1. The rationale for the center’s CPP design and how it will motivate student success and ensure the provision of individualized services to assist each student in preparing for full program participation, credential attainment, placement, and ongoing career progress and success

2. The organizational structure of CPP and detailed descriptions of how:

(a) CPP will be staffed to deliver a full array of services to meet each student’s needs.

(b) Staff will communicate across various departments to deliver the services.

(c) Staff will coordinate with Outreach and Admissions (OA) staff to ensure that school records are obtained before or during the CPP.

(d) Services and activities will be scheduled, paced, and delivered to ensure personalized learning opportunities are tailored to each student’s needs during the first 60 days of enrollment and are aligned with the student's My Pathway to Achieving Career Excellence (MyPACE) Career Plan.

(e) Student input and feedback will be encouraged and used.

(f) The center will create an environment where students regard staff as supportive, caring, and dependable.

(g) Career Preparation staff and an interdepartmental Career Management Team (CMT) will continuously monitor each student's performance and progress in all areas including career planning efforts, and provide multiple levels of support that will assist the student to successfully create an individualized, vialbe career plan using the MyPACE system.

(h) Career transitional staff will be involved in the student's career planning phase and interact with the student, interdepartmental CMT, and other staff during the Career Preparation Period.  All interactions will be documented in Case Notes.

3. Examples of methods and materials to be used to teach each of the required content areas (The MyPACE career planning curriculum is provided to centers.  Centers will not need to provide examples for these lesson plans or activities.)

4. How MyPACE is scheduled and staffed

5. Methods to foster contact between students and employers to demonstrate the relevance of Job Corps career preparation and development activities to the workplace

6. The use of practical experiences to ensure students learn and practice skills

7. Methods and strategies to create student commitment to and ownership of the MyPACE Career Plan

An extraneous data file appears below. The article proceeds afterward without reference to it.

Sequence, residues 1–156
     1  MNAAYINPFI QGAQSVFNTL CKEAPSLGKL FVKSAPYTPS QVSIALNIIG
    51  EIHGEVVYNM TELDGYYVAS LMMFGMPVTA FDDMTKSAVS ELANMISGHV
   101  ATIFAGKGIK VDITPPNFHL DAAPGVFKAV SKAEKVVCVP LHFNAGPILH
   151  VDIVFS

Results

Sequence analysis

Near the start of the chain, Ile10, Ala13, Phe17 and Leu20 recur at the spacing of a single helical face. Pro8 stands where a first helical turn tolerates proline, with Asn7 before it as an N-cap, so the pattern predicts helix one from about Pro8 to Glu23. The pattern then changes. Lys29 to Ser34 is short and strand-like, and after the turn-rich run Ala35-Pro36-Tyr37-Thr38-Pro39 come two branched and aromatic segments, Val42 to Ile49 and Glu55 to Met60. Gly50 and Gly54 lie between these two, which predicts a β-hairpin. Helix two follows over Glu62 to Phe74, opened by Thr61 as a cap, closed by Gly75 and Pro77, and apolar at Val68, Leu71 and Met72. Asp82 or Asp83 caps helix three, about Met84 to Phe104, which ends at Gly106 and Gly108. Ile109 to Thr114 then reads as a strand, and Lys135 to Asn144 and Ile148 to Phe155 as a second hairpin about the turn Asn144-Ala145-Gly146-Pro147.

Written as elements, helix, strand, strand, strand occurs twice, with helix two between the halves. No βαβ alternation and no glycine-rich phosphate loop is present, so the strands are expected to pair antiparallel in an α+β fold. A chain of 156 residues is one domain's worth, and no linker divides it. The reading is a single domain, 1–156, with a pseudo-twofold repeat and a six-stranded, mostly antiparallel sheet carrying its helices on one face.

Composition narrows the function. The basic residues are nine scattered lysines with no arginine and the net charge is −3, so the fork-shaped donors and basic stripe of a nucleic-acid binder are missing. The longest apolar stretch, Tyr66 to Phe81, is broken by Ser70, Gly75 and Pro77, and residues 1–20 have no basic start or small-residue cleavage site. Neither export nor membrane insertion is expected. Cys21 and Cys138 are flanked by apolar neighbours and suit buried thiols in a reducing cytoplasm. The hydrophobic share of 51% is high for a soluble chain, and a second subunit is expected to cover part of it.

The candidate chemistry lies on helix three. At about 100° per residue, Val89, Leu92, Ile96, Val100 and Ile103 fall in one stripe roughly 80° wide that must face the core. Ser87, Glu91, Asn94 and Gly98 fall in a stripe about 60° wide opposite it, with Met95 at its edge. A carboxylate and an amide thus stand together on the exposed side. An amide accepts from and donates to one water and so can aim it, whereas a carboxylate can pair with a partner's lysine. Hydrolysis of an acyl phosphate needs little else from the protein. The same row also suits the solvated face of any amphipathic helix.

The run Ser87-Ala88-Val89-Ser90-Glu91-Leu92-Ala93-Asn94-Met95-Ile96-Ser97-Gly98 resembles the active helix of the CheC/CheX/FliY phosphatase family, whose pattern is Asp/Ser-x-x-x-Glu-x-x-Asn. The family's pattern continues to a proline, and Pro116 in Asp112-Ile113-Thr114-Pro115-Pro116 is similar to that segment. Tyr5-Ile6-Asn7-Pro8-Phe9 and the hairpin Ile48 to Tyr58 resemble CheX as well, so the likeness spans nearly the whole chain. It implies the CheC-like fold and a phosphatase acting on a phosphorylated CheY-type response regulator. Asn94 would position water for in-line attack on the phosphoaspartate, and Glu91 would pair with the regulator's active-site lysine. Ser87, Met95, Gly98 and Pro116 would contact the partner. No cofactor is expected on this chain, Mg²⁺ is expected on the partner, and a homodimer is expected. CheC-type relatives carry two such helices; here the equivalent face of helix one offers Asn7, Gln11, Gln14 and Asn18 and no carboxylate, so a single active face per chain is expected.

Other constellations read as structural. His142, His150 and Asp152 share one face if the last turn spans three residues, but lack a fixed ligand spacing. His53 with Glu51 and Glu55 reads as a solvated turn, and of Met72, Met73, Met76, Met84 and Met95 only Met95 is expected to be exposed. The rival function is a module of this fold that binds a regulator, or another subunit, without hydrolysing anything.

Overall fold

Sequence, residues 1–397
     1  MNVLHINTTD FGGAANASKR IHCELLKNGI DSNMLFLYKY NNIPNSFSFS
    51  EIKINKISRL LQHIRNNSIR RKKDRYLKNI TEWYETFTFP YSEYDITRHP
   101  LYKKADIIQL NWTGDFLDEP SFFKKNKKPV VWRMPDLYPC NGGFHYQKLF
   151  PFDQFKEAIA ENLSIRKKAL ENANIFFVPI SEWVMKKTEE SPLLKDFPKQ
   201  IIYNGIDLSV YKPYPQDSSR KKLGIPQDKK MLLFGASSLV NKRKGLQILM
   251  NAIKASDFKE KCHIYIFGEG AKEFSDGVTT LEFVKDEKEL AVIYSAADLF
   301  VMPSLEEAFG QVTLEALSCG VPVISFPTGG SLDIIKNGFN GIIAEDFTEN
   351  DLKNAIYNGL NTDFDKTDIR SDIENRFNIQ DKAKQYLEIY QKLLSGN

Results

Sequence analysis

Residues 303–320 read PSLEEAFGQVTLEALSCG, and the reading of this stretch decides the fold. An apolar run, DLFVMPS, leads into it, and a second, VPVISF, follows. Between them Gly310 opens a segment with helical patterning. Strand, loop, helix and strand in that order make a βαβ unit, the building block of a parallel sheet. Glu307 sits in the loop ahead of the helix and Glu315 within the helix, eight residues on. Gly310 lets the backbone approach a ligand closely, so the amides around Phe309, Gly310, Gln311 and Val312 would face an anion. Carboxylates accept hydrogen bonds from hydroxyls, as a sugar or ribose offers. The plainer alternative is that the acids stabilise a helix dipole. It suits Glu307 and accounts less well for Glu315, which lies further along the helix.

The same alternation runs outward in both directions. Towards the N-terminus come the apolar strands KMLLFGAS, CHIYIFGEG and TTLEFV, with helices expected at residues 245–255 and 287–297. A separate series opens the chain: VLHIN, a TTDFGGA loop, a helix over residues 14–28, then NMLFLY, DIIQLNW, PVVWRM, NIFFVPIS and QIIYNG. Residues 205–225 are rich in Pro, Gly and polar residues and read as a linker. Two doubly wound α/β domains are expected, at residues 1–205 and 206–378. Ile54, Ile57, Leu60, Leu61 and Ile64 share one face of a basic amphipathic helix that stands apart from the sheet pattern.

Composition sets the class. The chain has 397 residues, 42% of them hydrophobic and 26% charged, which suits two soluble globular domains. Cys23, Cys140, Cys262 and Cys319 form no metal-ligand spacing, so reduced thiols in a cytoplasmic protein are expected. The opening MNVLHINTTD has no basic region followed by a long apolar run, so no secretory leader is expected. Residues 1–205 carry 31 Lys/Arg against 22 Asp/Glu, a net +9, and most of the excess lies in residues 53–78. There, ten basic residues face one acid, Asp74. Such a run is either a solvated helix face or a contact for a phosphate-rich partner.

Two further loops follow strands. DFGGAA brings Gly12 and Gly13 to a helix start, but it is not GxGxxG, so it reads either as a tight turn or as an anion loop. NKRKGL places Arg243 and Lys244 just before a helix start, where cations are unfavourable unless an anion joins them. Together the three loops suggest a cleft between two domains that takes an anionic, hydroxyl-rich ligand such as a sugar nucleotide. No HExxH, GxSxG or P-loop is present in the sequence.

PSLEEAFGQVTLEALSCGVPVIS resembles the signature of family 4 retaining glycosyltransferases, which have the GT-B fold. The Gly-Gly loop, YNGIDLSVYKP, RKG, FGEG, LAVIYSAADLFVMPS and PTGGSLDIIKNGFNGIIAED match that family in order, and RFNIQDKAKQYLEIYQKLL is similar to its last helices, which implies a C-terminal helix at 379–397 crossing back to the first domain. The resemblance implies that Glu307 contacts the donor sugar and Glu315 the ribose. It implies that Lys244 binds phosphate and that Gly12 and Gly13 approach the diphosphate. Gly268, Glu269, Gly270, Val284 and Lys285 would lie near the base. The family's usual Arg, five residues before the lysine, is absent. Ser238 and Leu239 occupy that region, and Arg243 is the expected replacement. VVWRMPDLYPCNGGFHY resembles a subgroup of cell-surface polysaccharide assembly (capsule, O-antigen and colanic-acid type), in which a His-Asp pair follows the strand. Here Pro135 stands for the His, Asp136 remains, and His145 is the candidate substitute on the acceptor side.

8. A system to identify and address students’ personal needs and issues that may present barriers to full participation in the CPP

9. Approaches to involve Admissions Counselors in each students’ successful adjustment to Center Life

10. Methods to assist students in developing the confidence and motivation to achieve their career goals

11. Approaches that customize CPP to meet the needs of English Language Learners (ELL), as needed

12. Approaches that are aligned with MyPACE career planning results and progress to evaluate student readiness to participate in career development activities

13. Strategies to ensure a smooth transition from career preparation to career development for each student as he or she is determined to be ready

14. How centers will ensure MyPACE instructors have planning periods. Planning periods must be:

(a) one block of time daily, i.e., between the beginning of the day and first break, between first break and lunch, etc.;

(b) during the training day, not before classes have started or after classes have finished; and

(c) at a time when the instructor is not responsible for any students and not expected to fulfill any other duties

R8. Career Development Period Plan

a. Centers must prepare and implement a Career Development Period (CDP) Plan as part of the overall Career Development Services System (CDSS) Plan.  The plan must be submitted for Regional Office approval in accordance with Chapter 5, Section 5.1, R3.c, Career Development Services System Plan.

b. Career development services reflected in the plan must be tailored to the individual needs of each student, provided throughout enrollment, and coordinated with career preparation and career transition services (CTS) to ensure continuity of services to students.

c. At a minimum, the CDP Plan must address:

1. The rationale for the design of career development services and how that design will ensure provision of individualized services to assist each student in meeting his or her career goals.

2. The organizational structure of CDP and a detailed description of how:

(a) Each component will be staffed.

(b) Center staff (instructional and other) will collaborate to ensure that training and services are effectively delivered in partnership with all staff involved.